Focus On: Challenges, and Gratitude


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It has been a year of challenge for us, and it doesn’t look like it’s going to get better any time soon. Mom wasn’t able to tolerate the pill form of the chemo, and now, after a week or so to recover from that protocol, she is starting weekly intravenous chemo, which will more than likely cause her to lose her hair as well as having to weather the same side effects .as before – mouth sores, diarrhea and nausea.  We explained the situation as clearly we could, and she is determined to try again.

We are born with an innate strength to survive and hang on to life as long as we can, to struggle to beat the odds for a little more time. Time to be with family and friends, time to enjoy what this world has to offer.

When I wake up in the morning, the world seems full of possibility. I sit in my favorite chair in my “snuggery” and watch the sun rise. It does so, like clockwork, and everyday we can count on it to be there . The birds awaken and the sweet morning air is filled with their cheerful song. We are surrounded by gifts too great to count, and too often we fail to express the gratitude we should have for them.

Sadly, life, the greatest gift of all, is often treated with the least amount of reverence and care and we are bombarded daily by the news of yet another war, another murder, another threat  to our lives and our well-being. It’s no wonder so many people are depressed and anxious.

I look at my mother, at 90, facing the fight of her life, for her life, with a strength I can only hope to emulate as my disease progresses. Her current battle has me looking my own mortality right in the face. I can either crumble before it, or refuse to be intimidated, and continue to find joy in the things I’ve always loved – my writing, my  photography, gardening and nature, the joy I find in this beautiful world, in the people I love and who love me  in return. Time passes too quickly not to grasp at joy and happiness while we can.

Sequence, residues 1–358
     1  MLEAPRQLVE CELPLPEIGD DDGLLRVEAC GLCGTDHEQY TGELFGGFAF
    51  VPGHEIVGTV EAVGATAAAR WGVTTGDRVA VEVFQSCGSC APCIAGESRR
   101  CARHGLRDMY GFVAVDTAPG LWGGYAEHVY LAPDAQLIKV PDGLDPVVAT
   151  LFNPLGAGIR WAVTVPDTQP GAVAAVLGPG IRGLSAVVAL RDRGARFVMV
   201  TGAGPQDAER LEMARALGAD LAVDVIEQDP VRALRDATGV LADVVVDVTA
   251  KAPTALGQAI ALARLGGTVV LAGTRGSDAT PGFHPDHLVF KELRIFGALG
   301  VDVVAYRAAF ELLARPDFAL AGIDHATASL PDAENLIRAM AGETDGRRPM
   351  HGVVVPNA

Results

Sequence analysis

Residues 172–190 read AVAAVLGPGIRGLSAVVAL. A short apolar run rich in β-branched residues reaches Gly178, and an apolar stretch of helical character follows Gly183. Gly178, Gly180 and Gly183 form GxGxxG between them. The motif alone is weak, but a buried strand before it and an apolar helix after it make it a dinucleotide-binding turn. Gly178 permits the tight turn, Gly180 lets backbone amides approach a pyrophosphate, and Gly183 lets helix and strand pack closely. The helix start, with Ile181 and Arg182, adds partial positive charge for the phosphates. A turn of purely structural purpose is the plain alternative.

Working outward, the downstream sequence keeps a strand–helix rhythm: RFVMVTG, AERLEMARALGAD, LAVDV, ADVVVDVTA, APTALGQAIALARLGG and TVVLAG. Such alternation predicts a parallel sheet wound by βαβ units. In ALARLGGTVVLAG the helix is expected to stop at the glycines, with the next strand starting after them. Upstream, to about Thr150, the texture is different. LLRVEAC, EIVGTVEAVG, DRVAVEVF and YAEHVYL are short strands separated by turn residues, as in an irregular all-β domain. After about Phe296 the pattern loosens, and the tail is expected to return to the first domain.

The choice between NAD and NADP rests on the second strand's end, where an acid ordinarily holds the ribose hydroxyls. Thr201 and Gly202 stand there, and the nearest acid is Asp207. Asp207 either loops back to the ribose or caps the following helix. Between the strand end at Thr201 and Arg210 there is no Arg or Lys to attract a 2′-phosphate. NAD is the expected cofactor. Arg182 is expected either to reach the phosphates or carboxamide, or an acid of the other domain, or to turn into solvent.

Michael J. Fox once said, “Parkinson’s disease is the gift which just keeps on taking.” With his characteristic, positive insight, he can acknowledge that even within the diagnosis of a progressive disease,there can be  found a hidden gift. In his  case the diagnosis was a wake-up call. He was, at the time, partying a little too hard, his train on the wrong track. In his book, Lucky Man, he says, “I am no longer the person described in this chapter, and I am forever grateful for that. I would never want to go back to that life – a sheltered, narrow existence fueled by fear and made livable by insulation, isolation, and self-indulgence. It was a life lived in a bubble, but bubbles, being the most fragile constructions, are easily destroyed. All it takes is a little finger.” He goes on to explain that absent this neurophysiological catastrophe, he would have never have embarked on the journey he has taken, or been so profoundly enriched. I am not yet at the point of saying I am glad I have PD, but I admit I am more conscious of the gifts I have been given, and  am grateful for them. Right now, I am grateful for the meds that keep me moving and the researchers working on finding a cure.